Cognition

lmk2 at garnet.berkeley.edu lmk2 at garnet.berkeley.edu
Tue Nov 24 13:58:05 EST 1992


In article <1992Nov24.091819.480 at hpb.hwc.ca> inunn at hpb.hwc.ca writes:
>Help me to understand this.  The input and output (semantic association - 
>are we talking memory?) are invariant but the what's inbetween changes.
>It gets rewired in a sense.  If I'm on track so far, what bothers me is
>if you change the in-between - variance in the olefactory system -
>how do you retain the connection between the stimulus and the memory
>of it?
>
>Ian Nunn

The problem here is in the supposition that the stimulus, memory, and
meaning are all separate entities, needing some sort of digital (or
otherwise) computer to compare and make decisions.  Freeman's theory
is that the state of the system IS the perception, which occurs in
relation to a stimulus.  As the meaning changes, so does the pattern
of electrical activity, presumably.  If you think of this in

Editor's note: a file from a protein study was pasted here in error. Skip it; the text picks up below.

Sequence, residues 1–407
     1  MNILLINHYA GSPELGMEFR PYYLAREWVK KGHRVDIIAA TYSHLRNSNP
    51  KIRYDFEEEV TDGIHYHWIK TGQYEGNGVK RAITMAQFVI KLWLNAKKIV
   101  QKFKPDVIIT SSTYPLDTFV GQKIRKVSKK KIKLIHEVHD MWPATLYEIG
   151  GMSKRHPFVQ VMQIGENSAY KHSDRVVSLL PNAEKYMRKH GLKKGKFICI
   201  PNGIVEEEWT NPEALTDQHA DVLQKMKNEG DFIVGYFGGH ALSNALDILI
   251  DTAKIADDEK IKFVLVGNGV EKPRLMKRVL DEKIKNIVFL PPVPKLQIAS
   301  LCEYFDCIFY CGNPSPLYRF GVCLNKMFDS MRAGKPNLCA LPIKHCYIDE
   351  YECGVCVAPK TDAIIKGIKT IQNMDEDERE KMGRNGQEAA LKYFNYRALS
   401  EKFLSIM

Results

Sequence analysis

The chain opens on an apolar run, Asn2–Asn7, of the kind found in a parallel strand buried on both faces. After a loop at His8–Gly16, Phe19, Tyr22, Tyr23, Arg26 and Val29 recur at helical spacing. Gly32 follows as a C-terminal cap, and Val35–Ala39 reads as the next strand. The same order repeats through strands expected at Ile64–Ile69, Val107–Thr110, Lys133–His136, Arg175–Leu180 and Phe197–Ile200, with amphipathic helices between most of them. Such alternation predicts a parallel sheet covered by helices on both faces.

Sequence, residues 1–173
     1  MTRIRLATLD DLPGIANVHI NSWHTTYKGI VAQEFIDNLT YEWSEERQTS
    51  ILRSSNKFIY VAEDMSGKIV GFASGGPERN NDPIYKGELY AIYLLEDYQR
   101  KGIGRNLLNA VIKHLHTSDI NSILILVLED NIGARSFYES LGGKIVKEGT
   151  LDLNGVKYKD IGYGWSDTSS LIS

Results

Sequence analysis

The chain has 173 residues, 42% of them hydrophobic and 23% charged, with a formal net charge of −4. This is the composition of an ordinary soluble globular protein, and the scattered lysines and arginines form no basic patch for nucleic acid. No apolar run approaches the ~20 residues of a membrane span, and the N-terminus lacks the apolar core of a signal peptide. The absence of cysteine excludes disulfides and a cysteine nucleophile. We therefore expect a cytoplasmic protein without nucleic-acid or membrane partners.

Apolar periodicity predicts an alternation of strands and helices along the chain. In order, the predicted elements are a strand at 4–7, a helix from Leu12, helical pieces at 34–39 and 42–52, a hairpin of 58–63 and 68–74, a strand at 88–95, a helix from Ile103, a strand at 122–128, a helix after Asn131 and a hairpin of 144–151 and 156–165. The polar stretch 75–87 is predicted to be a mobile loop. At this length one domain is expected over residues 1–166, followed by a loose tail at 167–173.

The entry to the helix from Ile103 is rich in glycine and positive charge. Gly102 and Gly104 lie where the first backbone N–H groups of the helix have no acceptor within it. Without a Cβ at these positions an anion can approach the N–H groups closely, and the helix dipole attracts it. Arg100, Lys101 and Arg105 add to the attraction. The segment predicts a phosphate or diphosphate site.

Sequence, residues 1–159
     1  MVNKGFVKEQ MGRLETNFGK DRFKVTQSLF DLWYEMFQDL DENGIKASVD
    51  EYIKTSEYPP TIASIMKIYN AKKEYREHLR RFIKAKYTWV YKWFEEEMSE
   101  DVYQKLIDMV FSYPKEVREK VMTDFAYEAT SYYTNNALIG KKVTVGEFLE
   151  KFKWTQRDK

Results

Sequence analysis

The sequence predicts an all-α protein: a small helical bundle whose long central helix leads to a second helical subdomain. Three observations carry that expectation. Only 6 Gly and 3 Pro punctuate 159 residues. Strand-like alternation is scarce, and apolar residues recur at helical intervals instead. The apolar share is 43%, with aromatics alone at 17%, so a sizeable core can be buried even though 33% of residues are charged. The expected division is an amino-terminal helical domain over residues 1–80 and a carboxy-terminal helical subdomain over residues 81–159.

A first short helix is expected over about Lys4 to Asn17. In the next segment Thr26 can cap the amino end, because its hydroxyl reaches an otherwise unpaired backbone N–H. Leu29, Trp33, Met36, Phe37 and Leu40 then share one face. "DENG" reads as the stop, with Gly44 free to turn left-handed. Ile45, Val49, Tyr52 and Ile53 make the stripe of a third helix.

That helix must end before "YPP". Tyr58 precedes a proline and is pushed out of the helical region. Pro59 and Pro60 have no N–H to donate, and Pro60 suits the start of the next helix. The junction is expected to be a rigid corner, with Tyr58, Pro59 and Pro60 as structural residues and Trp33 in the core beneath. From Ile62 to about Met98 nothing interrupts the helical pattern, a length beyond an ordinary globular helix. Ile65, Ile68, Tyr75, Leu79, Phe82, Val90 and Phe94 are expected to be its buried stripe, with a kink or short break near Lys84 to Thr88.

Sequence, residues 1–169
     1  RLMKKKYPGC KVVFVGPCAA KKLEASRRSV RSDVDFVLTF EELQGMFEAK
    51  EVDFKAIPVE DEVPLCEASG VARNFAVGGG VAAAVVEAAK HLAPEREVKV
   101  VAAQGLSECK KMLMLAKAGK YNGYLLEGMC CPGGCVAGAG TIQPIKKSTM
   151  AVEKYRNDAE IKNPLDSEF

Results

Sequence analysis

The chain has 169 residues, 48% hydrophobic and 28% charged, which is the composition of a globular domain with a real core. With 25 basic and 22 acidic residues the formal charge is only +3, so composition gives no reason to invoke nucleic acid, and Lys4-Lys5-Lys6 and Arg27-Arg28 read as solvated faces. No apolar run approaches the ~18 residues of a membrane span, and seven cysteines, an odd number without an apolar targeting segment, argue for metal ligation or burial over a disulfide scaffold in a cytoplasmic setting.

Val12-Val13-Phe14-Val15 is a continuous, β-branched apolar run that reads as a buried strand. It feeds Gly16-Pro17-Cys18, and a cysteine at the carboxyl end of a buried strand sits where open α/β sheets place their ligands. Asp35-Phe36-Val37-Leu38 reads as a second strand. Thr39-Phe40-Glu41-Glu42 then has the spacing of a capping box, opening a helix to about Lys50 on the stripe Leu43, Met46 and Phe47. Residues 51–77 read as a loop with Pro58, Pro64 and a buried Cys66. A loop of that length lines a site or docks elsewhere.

cognitive terms, everytime you learn something new it changes everything
else you know, so that even the memory of your grandmother is altered
when you learn a new equation.  I think that many of us would agree
with this after some thought.

So, yes the input is somewhat invariant, and the output is somewhat
invariant (the semantic association), but the output is also somewhat
different.  The perception gets changed, and this is manifested by
a change in the global activity of the particular structure involved.
All of this changing and tuning seems to be centrally controlled.

Leslie Kay
UCB Biophysics



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